Kmart touts drug program as Wal-Mart starts plan (Reuters)
Wal-Mart’s big box rivals are looking to quickly counter Wal-Mart’s plan to offer generic pills at $4 per prescription. K-Mart has announced that it will sell each one for $5… uh, that’s not $4 is it. What rational person would choose that? What about $3.99 or $4.99? Meanwhile, Target did announce a $4 plan — and Taget’s drugs come in cool bottles (they’re designey!). Meanwhile, there was a lot of debate in the last few days about the repercussions of the Wal-Mart plan. But if it’s so easy for competitors to follow suit, maybe it’s not such a big deal.
Amaranth May Make Goldman, Morgan Biggest Winners (Bloomberg)
As we suggested, the orderly unwinding of Amaranth’s assets could be a boon to the companies that work alongside hedge funds, particularly investment banks. The lack of fallout from such a significant blowup could be seen as an indication that the existing system works, that the seemingly complex nature of the trades is all quite stable. But one blow-up that the system absorbed doesn’t mean a whole lot. And you know what we think about analogies to ‘the house’ in gambling (Donald Trump’s bankrupt Atlantic City casinos were ‘the house’ too). So as long as we acknowledge the presence of black swans, it’s too soon to tell that one won’t appear on the East River between Goldman branch offices at some point down the road.
Young Internet Producers, Bankrolled, Are Seeking Act II (NYT)
The New York Times brings us another crazy dispatch from the Left Coast. There’s no doubt that there’s a lot of absurd stuff getting funding, so we’re supposed to be dulled to stories like this. Nevertheless, this one hits us like a ton of bricks on a Monday morning. So you’ve heard about Digg, the social news site where “you” select the stories, blah blah blah. Well, now the founders of it have a new business venture that’s already attracted startup money (so much for focus). They’re getting funding for their video production company, which primarily consists of a weekly, 45-minute video short from their couch where they talk about computers, weird stories, skateboarding and beer. In fact, they got $1 million to keep doing this. Let it sink in.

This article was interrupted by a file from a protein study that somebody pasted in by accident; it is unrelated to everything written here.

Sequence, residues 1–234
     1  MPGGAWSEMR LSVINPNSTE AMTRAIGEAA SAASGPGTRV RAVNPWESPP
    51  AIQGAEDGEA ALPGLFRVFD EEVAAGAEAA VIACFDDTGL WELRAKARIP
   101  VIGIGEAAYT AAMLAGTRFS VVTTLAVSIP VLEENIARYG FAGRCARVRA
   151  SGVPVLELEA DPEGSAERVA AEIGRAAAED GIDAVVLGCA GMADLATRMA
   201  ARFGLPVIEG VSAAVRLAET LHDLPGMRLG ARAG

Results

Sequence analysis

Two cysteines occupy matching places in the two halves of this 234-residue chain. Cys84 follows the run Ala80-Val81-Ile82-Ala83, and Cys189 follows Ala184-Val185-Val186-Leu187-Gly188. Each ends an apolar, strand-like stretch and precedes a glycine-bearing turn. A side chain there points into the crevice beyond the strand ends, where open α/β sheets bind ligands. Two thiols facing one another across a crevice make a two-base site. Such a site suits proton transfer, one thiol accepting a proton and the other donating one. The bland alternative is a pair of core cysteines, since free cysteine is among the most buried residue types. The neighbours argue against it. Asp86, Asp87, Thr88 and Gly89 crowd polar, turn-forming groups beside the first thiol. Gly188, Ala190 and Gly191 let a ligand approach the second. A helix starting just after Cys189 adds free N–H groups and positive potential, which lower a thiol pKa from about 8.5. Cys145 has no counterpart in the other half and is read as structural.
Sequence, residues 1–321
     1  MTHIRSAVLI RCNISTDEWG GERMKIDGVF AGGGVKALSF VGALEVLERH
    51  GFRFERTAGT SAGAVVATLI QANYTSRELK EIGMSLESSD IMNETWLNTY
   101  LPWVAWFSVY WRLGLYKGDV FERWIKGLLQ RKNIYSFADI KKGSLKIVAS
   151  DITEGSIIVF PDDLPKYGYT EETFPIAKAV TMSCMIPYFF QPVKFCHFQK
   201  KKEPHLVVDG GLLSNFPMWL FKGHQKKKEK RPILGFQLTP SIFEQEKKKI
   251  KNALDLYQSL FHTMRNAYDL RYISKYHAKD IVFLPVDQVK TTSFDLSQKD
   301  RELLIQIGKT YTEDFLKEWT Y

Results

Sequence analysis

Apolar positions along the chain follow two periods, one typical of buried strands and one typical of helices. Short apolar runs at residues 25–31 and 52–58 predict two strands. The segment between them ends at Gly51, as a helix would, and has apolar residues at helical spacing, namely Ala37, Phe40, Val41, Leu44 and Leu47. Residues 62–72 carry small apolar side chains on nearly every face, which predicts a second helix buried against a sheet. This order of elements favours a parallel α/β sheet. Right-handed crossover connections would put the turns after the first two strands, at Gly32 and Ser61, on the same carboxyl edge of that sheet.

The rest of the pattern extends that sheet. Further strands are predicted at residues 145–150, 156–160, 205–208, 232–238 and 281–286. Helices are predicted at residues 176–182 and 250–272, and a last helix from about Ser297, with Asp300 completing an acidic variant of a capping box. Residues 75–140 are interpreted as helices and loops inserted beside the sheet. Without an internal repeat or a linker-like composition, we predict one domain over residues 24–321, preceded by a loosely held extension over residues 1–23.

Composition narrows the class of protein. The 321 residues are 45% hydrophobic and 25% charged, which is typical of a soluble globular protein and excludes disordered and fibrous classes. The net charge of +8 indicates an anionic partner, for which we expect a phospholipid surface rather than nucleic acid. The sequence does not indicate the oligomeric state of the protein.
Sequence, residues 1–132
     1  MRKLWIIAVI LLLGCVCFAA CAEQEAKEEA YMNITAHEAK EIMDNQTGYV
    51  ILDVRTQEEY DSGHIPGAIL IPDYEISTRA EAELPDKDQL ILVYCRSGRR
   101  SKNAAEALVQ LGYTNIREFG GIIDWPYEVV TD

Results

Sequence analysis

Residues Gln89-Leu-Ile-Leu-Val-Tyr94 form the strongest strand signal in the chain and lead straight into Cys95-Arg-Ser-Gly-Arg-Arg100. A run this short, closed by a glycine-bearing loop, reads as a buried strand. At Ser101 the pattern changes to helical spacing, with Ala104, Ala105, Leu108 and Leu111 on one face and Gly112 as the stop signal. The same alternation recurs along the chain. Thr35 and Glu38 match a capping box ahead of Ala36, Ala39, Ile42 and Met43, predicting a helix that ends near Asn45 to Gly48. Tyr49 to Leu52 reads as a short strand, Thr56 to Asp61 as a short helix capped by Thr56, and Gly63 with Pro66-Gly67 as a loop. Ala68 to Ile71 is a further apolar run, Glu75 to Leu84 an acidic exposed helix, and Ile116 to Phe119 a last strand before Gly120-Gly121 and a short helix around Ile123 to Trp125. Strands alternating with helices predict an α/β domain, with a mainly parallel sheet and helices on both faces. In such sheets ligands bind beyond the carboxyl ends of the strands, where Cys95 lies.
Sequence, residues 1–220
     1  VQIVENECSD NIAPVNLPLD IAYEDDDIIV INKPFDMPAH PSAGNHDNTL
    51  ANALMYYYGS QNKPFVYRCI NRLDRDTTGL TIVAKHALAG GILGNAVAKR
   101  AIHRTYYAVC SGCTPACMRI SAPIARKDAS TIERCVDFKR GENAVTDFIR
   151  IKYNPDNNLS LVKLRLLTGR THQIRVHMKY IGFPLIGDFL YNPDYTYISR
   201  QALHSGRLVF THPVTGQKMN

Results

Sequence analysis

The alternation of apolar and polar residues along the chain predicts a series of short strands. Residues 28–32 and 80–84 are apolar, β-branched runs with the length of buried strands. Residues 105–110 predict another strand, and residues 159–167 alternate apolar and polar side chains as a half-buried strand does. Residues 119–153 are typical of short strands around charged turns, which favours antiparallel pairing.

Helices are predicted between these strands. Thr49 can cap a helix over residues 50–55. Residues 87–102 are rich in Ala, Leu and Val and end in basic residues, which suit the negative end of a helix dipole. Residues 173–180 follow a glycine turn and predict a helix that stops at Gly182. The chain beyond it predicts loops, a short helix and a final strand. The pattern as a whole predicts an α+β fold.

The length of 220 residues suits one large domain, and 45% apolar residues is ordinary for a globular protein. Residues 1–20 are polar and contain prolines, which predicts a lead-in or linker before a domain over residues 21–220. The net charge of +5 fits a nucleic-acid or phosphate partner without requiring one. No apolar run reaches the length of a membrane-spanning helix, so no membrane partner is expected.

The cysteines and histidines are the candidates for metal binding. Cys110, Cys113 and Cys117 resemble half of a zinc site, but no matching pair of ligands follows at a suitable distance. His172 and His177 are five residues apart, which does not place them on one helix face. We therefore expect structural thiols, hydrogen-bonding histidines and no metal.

Santander extends consumer finance drive to U.S. (Reuters) Banco Santander of Spain is looking to target the US consumer. Hey, Banco, you might be a little late to the game. Well, that's the conventional wisdom anyway. The bank has bought 90% of Drive Financial, which as the name implies is in the business of auto financing. The stake will cost them $650 million. Santander's stock has been dragged down by its acquisitive streak, but the company insists that the Drive buyout will be accretive to earnings in 2007.
Honda Unveils ‘Super-Clean’ Diesel Engine (LA Times)
Typically, announcements about new ‘super-clean’ engines are reserved for auto shows, because the only real reason for them is to garner lots of press. It’s not like those things will be on the road before any of us dies. But, seeming out of the blue, Honda has announced a new clean diesel engine, and they seem to have hit all of the right buzzwords, like fuel cells, and electric. In fact, reading over the news, one would thing they had released a new electric, diesel, fuel cell vehicle, which isn’t the case. But they’re certainly giving off that impression.